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June 11, 2018
kids adjust movingWhether you’re moving across town or across the country, it’s difficult to adjust to a new home, especially for kids. The process can often make them feel like their wholes lives have been uprooted, which isn’t entirely untrue. New neighbors and a new school is a dramatic change, but you can prepare them for it. If you’re buying a new home, try a few of these ways to help your kids adjust to moving.

1. Make Change Sound Exciting

It doesn’t matter if we’re eight or 58, most people tend to think of the worst things when we think about change. If you’ve bought a new house, your kids will likely concentrate on the things they’ll miss—the best friend a few streets over, or the treehouse in your backyard. You can help them adjust by making the change sound exciting. Concentrate on the best features of your new home, such as the local parks and the benefits of their future school. If you make moving seem more like an adventure than tragedy, your kids will be better prepared for the change and more ready to adjust.

2. Schedule Time with Old Friends

Once you move enough, you understand and accept the fact that some friendships are temporary, that when you leave a place, you may never see some people again. Kids will struggle with this idea. Especially until they begin to make new friends, be proactive about scheduling time with their old ones. If you’ve only moved a short drive away, try to schedule weekly play dates, giving your kids the opportunity to return to familiar places, and letting them show off their new home. If the move is more substantial, coordinate Skype calls, and encourage them to write letters to remain social and connected.

3. Explore the New Neighborhood

If it’s at all possible to explore the streets and areas around your new home before you move, do. Knowing what to expect will make the initial move less daunting and more exciting. If not, carve out a couple of nights each week to tour the neighborhood as a family. Walk, and re-walk, the route they’ll take to the bus stop or school, and find the parks and local spaces they’ll want to explore more on their own. If your kids have a better sense of the surrounding area, the house you buy will feel much more familiar and more like a home to them.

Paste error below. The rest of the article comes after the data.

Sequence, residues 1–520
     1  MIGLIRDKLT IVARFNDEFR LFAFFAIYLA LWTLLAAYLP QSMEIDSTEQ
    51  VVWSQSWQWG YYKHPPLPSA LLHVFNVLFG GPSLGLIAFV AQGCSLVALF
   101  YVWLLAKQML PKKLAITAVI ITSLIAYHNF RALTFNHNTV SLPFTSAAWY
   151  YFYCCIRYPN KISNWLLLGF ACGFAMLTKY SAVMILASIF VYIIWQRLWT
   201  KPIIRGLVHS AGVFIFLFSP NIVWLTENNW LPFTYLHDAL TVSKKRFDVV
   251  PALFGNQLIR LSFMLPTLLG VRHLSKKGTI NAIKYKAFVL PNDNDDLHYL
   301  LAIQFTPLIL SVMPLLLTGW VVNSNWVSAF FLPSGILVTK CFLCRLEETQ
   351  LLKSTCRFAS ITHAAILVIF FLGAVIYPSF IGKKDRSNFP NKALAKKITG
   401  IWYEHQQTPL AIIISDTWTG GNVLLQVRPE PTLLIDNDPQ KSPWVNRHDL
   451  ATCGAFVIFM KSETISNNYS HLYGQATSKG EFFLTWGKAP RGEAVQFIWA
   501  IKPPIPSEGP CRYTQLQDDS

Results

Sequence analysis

4. Move at the End of a School Year

Sometimes moving at the beginning of summer isn’t possible, but it’s always preferable. Your kids’ teachers and end-of-year assignments will have them in a mindset already prepared for transition. Additionally, the paperwork and logistics of entering a new school district will be much easier over summer than in the middle of a term. While you’re looking to buy your home, you should also be looking for qualities of a great school district to ensure your kids will attend a school they like and can benefit from. If you know and trust the administration, you’ll also speak from more authority when you assure them the change will be good for the whole family.

5. Befriend the Neighbors

Sometimes you need to model social behavior with your kids, and befriending neighbors is the easiest way to do that. When you move into a new home, send out introductory cards or welcoming gifts to the houses along your street, and make a point to go greet neighbors as often as possible. Hopefully, you’ll make friends yourself—and potentially meet other parents who have kids around the ages of your own. If you have any specific hobbies or interests, look into a local meetup or community group to improve your chances of meeting more.

6. Customize Their Rooms

The idea of customizing a room can appeal to anyone, especially kids, which can make their adjustment to a new space easier. Let them be as involved as possible in the process of decorating their rooms. Choose colors together by browsing some paint ideas for kids’ rooms; allocate a small budget for them to buy posters or new bedding; and if they’re old enough, let them arrange their furniture. By making the space their own, they’ll have a sense of security in the new environment, which can embolden them even as they’re sad about leaving their old home.

7. Let Them Know It’s Okay to Be Sad

They will miss their old home, and they need to know that’s okay, even healthy. Grieving and loss are important parts of life, and if they learn to process rather than repress these feelings, they’ll adjust sooner—not to mention be better prepared for future challenges. Talk with them about their frustrations, and be patient with them if they cry or act out. Any move will be hard for kids, but if you follow at least a few of these tips, you can make the whole process easier.

If you’re preparing for a move and are interested in purchasingrefinancing, or learning more about mortgage rates, simply fill out our Fast Response form. Our experienced mortgage professionals would love to sit down and discuss your needs. We look forward to hearing from you!

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